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PathFinder: Info and Control Center for your Parts


pathfinder-solid-edge.pngEarly on, when I first started using Solid Edge, the PathFinder became a thing of instant interest. There are all sorts of things that show up there. You can find dimensions, sketches, bodies, materials, planes, relations, mates, links, and so on. And not only can you find them, but you can also control them, usually with a click in a check box, or a RMB menu for when there's no check box.


Some of the things you can find in the PathFinder may be a little surprising to non-Solid Edge users, they were pleasant surprises to me. Things like PMI dimensions. You can hide/show lock/unlock, delete, edit, select, rename, group, display as value/name/formula, and more.


Section views, the PMI sections, not the clipping planes, are also listed in the PathFinder. You can turn these on or off right from the panel. Model views can also be controlled, edited, and sent to View and Markup from the PathFinder.


The Live Sections are automatically created for revolved features, but are also handy for hollow parts, or editing interior features.


All of your reference geometry items like planes, coordinate systems, curves, origin are easy to find, highlight, and so on.Through a RMB menu (right clicking on the top level name of the part), you can toggle display of several types of reference geometry all at once.


You can access the model's meta data like the Property Manager, Material Table, Variable Table, and File Properties.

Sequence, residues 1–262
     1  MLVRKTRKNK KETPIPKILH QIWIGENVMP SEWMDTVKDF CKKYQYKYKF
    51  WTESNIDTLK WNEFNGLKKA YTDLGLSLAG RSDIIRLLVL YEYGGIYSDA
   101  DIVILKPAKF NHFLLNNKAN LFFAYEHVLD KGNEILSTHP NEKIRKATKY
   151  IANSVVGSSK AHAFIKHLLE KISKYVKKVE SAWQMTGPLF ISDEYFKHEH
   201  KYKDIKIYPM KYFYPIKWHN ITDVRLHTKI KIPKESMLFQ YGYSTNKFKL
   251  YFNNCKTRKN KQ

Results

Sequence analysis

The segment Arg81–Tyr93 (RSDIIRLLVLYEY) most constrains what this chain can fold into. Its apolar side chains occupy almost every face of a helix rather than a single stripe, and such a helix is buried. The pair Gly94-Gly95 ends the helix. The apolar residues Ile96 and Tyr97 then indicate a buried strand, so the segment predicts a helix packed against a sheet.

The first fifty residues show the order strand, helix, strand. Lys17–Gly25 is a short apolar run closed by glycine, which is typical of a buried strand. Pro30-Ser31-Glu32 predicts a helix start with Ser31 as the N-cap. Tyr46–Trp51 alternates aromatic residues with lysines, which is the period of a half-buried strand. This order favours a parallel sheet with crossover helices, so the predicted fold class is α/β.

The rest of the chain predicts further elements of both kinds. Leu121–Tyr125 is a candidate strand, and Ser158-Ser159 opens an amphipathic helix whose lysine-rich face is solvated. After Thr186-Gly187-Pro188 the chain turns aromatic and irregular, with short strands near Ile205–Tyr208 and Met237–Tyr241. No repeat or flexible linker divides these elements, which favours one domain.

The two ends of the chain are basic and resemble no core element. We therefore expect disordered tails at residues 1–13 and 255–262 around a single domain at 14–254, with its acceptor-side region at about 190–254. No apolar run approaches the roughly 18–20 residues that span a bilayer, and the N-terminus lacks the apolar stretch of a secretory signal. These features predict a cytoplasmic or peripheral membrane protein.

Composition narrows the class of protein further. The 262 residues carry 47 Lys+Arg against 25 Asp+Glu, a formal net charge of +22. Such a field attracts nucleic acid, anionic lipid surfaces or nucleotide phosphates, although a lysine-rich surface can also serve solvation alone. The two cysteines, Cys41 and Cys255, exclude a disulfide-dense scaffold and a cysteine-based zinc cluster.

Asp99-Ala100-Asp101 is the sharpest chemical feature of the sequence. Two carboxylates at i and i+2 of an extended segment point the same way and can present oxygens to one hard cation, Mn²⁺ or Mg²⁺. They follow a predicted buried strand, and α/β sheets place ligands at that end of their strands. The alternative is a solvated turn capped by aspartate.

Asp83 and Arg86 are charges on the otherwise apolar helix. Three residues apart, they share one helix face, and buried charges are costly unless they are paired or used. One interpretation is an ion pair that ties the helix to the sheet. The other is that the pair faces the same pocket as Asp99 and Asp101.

There are also tools for sorting or turning off types of items. In Synchronous, you can sort the features by type, alphabetically, or manually.


If you ever get lost or lose an item, you can right click on the top level and use "Find Feature" to search the PathFinder for a particular string. It will scroll the item into view and highlight associated geometry in the graphics window.


One of the more surprising items in the list is the persistent relationships. This makes it really easy to keep track of things you find important enough to assign a relationship.


And then User Defined Sets. These are used in translations with the Migration tool to represent features from the other CAD system. Works really well. Makes editing face sets as a single "feature" much easier. Also makes it easier to delete features.


The Links section of the PathFinder is extremely helpful, if you're the type to get yourself in trouble with external references. You can trace links back to the assembly, part, and even specific faces referenced. This is really the best external link management system I've seen.


In some workflows, the body management becomes very important. I wish they would add a collector for surface bodies, because these fall through the cracks a bit at the moment. But it is so convenient to be able to switch these things on and off right there in the PathFinder. Plus the ability to convert back and forth between design and construction bodies.


If I were to have a wish list, it would be for visual data to be connected to this, to replace the Part Painter. It would make overrides clearer, and give easier access to that type of data, especially in assemblies.